Without these studies to cover them from liability no one was willing to go on record and recommend using drugs off label. Doctors in the field, especially if they didn’t handle many AIDS cases, then didn’t know that giving a common antibiotic decreased the chances of patients dying of opportunistic pneumonia, for example. This was the leading cause of death in AIDS patients. It was almost entirely preventable and no one would officially say so. ACT UP worked to streamline and humanize the drug trials.
They were able to:
- Stop people having to go off all other medications (like antibiotics to prevent pneumonia) to be in the trial
- Allow drugs to be tested on women and people of color
- Allow a parallel track where sick people who couldn’t wait for formal drug approval could try the drugs in the trial at their own risk and data could be collected about their experiences
- Get drug companies to stop increasing prices of the drugs as demand went up.
I don’t remember hearing anything good about ACT UP at the time. I only knew of them from news coverage that was always negative because of their dramatic demonstrations. The first time I ever heard of ACT UP in a positive light was when I started watching Gay USA on TV. One of the hosts talked about being in ACT UP. Her name is Ann Northrup and she is in the movie a lot more than in the book. The associate producer of Gay USA is named Bill Bahlman. I know that because he does the intro to the podcast that I listen to now. What I didn’t know is what all he did during the early days of the AIDS epidemic to reach lawmakers.
This book is a long, slow read. It is very densely packed with names and actions and committee meetings. The author was a young, gay journalist reporting on AIDS in New York at the time. It is very focused on New York. Occasionally it talks about San Francisco but you could get the sense that except for occasional mentions of Africa, that AIDS was only a New York/California problem. It is also focused primarily on white gay men. This was one of the criticisms of the drug trials. They wouldn’t enroll women, people of color, or drug users. Although ACT UP seemed to give equal representation to women, those women aren’t discussed much in the book with a few exceptions.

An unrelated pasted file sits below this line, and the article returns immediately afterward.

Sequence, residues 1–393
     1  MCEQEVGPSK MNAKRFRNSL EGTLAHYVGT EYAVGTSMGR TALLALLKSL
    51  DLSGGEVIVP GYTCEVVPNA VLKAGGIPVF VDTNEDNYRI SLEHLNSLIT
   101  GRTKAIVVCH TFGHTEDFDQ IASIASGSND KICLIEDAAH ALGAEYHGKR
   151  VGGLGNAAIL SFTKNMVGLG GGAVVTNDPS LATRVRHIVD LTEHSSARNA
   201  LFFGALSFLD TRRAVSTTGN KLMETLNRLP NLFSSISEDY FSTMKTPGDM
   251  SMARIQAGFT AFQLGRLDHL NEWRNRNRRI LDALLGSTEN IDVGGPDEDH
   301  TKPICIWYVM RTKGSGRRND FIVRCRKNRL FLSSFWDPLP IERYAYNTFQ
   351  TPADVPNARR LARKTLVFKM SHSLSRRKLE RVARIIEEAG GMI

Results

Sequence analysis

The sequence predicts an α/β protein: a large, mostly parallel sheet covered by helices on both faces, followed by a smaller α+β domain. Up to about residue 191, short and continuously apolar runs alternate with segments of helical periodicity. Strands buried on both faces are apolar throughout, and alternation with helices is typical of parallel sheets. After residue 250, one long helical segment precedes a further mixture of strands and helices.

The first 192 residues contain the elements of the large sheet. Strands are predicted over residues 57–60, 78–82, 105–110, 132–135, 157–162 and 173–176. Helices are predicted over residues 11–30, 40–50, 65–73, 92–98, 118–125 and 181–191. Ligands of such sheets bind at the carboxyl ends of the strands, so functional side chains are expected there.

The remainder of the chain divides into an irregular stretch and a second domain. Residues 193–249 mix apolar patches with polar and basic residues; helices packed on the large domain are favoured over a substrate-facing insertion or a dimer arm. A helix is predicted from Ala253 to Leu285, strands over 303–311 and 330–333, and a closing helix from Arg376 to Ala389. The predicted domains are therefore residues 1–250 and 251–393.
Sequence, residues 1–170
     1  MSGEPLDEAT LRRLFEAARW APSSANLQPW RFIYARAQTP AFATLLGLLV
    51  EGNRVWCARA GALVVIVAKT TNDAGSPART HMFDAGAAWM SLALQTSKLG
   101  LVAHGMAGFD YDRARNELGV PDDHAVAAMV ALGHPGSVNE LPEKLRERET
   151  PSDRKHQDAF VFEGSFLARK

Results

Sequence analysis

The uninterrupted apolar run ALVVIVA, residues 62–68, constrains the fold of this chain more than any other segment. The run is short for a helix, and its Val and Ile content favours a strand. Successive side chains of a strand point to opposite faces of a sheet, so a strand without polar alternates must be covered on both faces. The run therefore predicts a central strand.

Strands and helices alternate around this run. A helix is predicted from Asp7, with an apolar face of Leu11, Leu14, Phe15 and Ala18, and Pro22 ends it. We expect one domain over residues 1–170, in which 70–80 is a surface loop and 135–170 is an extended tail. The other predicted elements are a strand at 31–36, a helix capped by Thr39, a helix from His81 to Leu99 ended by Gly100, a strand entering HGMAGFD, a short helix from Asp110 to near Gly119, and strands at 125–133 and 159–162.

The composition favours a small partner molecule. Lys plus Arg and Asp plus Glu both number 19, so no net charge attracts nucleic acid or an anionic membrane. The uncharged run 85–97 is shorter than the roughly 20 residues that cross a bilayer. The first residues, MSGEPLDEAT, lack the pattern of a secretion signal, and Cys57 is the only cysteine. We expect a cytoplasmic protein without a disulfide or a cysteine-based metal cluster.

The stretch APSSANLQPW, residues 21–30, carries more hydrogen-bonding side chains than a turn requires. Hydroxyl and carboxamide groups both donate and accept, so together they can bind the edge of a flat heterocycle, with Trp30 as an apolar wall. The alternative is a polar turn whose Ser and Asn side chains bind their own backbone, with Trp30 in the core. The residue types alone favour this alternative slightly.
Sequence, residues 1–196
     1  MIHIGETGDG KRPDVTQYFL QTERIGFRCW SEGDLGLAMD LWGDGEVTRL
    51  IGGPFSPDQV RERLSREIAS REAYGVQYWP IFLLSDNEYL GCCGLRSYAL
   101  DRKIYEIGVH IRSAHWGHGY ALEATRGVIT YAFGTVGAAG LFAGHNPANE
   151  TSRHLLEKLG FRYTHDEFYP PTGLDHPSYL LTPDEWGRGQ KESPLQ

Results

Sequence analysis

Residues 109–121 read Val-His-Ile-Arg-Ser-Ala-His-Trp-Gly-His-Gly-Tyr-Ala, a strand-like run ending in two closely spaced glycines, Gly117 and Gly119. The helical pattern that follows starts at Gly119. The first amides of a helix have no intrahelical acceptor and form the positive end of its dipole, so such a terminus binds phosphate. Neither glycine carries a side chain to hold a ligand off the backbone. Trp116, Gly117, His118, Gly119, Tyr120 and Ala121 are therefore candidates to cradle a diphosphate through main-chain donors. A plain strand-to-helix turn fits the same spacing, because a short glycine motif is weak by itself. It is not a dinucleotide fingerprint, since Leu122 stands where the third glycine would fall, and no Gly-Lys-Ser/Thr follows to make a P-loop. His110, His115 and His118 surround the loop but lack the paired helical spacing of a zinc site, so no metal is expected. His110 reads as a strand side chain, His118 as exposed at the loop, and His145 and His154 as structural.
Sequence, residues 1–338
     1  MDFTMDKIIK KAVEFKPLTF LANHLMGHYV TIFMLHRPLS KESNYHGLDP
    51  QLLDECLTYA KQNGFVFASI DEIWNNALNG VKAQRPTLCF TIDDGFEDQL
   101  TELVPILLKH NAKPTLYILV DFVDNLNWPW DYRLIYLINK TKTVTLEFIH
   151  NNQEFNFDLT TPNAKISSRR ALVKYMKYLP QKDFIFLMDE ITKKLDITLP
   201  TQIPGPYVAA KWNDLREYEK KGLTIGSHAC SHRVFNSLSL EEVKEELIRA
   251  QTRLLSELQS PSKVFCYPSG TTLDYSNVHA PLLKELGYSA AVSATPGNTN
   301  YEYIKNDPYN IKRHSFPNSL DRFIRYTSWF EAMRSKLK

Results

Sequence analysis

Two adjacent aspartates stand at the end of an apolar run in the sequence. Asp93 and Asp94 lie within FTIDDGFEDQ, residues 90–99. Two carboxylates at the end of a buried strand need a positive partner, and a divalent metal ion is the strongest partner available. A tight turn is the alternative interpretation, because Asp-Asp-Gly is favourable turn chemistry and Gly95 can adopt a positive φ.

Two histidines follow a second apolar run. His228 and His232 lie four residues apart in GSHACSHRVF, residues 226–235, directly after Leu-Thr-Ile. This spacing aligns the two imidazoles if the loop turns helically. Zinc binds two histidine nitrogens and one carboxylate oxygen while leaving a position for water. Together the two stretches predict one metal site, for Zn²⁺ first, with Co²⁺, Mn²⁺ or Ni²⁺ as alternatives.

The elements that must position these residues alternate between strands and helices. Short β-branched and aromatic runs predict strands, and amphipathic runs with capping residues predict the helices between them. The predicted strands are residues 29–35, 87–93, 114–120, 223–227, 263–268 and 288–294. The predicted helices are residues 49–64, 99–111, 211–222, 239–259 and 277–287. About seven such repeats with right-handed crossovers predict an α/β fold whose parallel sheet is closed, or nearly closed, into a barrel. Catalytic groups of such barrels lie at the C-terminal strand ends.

When I was almost finished with the book I watched the documentary that the book came out of. It is also called How To Survive a Plague and is available on Netflix.
I don’t think that I would have understood the documentary as much if I didn’t already know what they were talking about from the book. Especially at the beginning of the documentary, there wasn’t a lot of context given for the video being shown. I understood where they were and what they were protesting from reading the book. It was interesting for me to see what I had read about but I don’t think the documentary did a good job of really explaining all the issues that they were fighting for.
This book is a must read for anyone interested in the history of medicine or the gay rights movement in the United States. It is heartbreaking and inspirational. This is civil action on so many levels. It is interesting to look back now and see how far the United States has come in just the last 30 years – even when we feel like there is so much that needs to be better.